Scooping the rectangle into his arms, he clapped the panel shut and, ducking low to avoid the strong air current bursting about in dusty waves from the humming whine of the ship lowering to one of the docks further out, hurried to pick his way back to his main work area.  He pushed the lid for the heavy box containing the cells into place, settling it with infinite care in the folds of delicate cloth held in the next box, and wedged the rectangle in as well.  It took some degree of effort to gather the large box into his arms and he found need to abandon his unfinished board, confident that its metallic weight would keep it stationary as the massive ship twisted in a vertical drop, docking with a strong crosswind.

                Staggering again, just a bit, he thumped up the steps to the inn and edged it open with his shoulder to enter, cheeks red from the wind and mild chill, desperately clutching the box.  "Hi, Mister Delbert," he greeted with a smile as the Canine choked on his coffee, inexplicably surprised to see the boy tousled completely with a layer of dust and carrying his largest box of materials.  "Um, have you seen Mom?" he continued, turning to the side and dropping his box, shaking his hand into his sleeve and sneezing into the cloth, wiping at his face.  "I think that musical group just landed."

                "James Pleiades Hawkins!" came a familiar, muffled shout from the kitchen and he winced, looking at the scholar for any form of help and, finding none, creeping to the stairs.  "I thought I told you to keep that solar stuff outside the inn, not in it!"  Though he couldn't help but wonder how, exactly, his mother knew when she was still in the kitchen, he studied his feet guiltily anyway, slowly idling toward the stairs in hopes of escaping before she could find irreversible proof of his transgression.  "Honestly, if your father was here, would you do that?" she continued, an undercurrent of something painful in her voice as she came from the kitchen, laden tray in tow to deposit various bowls to waiting customers.

                "No, ma'am," he replied dutifully, lowering his head so his dark hair hung slightly, the inch or so of hair he had barely scraped into a ponytail coarse against the back of his dirtied neck.  "But I think there's a dust storm coming," he added, "and that big music circus thing that was supposed to be booking here?  It kinda just docked."  Her eyes widened as she lowered a dish of something spicy and fluorescent, and he took advantage of her momentary distraction to dash up the stairs, showering clumps of dirt peeling from his overly large shoes to scatter over the clean wooden steps.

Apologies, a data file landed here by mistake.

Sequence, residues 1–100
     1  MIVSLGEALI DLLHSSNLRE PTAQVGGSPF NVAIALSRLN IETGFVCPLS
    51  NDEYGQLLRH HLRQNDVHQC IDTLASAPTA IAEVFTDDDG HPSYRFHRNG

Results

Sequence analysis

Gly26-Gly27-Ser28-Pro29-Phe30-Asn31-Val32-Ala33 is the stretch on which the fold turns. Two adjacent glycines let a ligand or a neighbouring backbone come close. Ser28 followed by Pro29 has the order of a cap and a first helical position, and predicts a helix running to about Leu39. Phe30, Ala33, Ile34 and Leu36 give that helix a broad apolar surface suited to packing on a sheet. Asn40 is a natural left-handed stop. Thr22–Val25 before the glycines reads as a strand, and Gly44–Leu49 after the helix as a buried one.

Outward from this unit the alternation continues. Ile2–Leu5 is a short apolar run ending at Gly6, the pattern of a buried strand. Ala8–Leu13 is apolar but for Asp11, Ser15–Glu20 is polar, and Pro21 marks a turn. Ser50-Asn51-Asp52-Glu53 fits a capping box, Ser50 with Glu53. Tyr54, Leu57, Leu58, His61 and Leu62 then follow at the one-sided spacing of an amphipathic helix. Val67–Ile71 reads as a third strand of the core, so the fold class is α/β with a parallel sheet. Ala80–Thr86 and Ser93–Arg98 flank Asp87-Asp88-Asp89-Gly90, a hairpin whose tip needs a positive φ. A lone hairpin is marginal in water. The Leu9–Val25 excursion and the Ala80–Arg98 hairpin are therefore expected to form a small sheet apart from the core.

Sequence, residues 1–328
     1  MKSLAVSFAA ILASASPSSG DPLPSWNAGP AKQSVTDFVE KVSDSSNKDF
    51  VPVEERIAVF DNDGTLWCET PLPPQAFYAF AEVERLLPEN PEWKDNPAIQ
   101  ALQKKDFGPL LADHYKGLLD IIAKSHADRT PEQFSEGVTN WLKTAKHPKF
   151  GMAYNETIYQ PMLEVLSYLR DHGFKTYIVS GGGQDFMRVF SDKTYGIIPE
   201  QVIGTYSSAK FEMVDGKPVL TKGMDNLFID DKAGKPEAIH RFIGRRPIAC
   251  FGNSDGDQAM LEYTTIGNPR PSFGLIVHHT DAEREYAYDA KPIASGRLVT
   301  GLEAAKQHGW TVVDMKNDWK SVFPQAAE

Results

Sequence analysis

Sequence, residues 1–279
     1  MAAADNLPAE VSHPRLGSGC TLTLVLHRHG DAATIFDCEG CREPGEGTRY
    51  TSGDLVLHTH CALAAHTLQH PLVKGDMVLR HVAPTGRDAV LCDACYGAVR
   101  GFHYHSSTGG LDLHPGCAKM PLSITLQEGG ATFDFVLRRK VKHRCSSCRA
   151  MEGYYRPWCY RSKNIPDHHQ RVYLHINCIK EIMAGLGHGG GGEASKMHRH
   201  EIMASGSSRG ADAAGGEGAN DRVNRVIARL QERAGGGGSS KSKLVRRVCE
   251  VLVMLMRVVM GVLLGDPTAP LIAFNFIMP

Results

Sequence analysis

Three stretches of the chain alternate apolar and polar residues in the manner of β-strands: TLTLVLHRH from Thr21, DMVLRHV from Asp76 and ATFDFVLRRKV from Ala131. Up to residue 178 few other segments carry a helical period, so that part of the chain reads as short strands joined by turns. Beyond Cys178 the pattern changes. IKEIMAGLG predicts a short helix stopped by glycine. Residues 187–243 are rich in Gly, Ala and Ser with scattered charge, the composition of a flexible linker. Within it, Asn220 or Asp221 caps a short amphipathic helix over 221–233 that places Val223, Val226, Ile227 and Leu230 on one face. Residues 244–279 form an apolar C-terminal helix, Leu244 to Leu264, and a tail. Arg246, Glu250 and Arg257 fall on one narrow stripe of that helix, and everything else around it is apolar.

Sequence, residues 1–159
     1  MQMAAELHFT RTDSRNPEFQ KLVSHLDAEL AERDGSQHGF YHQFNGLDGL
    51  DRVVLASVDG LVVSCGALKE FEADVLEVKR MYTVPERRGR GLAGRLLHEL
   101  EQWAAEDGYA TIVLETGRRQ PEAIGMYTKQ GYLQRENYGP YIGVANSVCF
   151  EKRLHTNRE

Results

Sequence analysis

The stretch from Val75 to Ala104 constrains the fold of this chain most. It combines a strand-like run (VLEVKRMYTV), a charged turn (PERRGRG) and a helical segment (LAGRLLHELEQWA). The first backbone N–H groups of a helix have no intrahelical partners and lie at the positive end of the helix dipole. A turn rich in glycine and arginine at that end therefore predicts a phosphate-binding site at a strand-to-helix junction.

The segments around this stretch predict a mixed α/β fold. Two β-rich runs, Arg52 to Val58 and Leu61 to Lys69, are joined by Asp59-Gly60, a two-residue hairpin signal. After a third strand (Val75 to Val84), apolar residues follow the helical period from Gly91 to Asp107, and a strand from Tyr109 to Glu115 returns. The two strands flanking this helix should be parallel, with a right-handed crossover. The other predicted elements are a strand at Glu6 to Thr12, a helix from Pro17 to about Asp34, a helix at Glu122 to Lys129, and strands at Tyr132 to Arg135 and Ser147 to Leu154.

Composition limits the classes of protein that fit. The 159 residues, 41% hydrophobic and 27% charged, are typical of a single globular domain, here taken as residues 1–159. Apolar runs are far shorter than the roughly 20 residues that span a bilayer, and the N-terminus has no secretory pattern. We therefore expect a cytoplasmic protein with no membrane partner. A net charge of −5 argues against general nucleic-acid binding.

"James!" she cried, seeing for certain that he had indeed brought the offending box in, as Doppler, adjusting his spectacles, began picking at his food with a skillful fork.

                "Can't hear you, Mom!" he answered, barreling down the hall to his room and closing the door gently to avoid an unnecessary racket, thereby avoiding a later scolding.  He kicked one of his boots off, following it with the other as he pried at it, peeling his socks off and tossing them in the vague direction of a basket he was technically supposed to put his dirty laundry in, not near, and turned to look for a loose shirt and some trousers he could wear after his bath.  Finding ones close enough to the general description, he stuffed them into his arms, skidding over the floor to his bed and digging under his mussed pillow for a sealed envelope.  He checked the scribbled handwriting on the outside, just in case, and smiling widely, placed it somewhere between the articles of clothing he clutched.

                He peeked his head cautiously around the edge of his doorway, not wanting to be caught by any adult figure that would shepherd him down the staircase he could navigate with his eyes blindfolded, and crept along the mirroring stretch of the hallway to the idly closed door of his mother's room.  Holding his things close, he turned the knob and stepped in, shutting the door and listening for the standard click that meant the aged metal had slid sufficiently into its counterpart embedded sturdily into the carved wooden doorframe.  Pausing, curling his toes in the carpeting, he leaned his ear against the door, listening in case she had discovered the trail of dirt left on the stairs, and he crossed his fingers comically, in hopes that by the time she did, it would be late enough for him to use bed as an excuse for hasty escape.  Prudently, he lifted each foot in turn, checking before he crossed her favorite carpet for any scraps of dirt or vegetation possibly clinging to his toes or heels, and having been assured he was as free of it as could be expected, picked a careful path across the swirling exotic pattern of the carpet.  He was thankful and more than a little proud of his recently attained height, a skinny sort of gangly existence that saved him from the ritualistic torment of his unsurprisingly cruel peers, able to stretch his legs farther than a mere four months prior.  Taking advantage of it, he crossed the carpet in stretching strides and clumsy leaps, ducking easily into the adjoined washroom and sending his clothes tumbling to the floor with soft whispers of shifting cloth.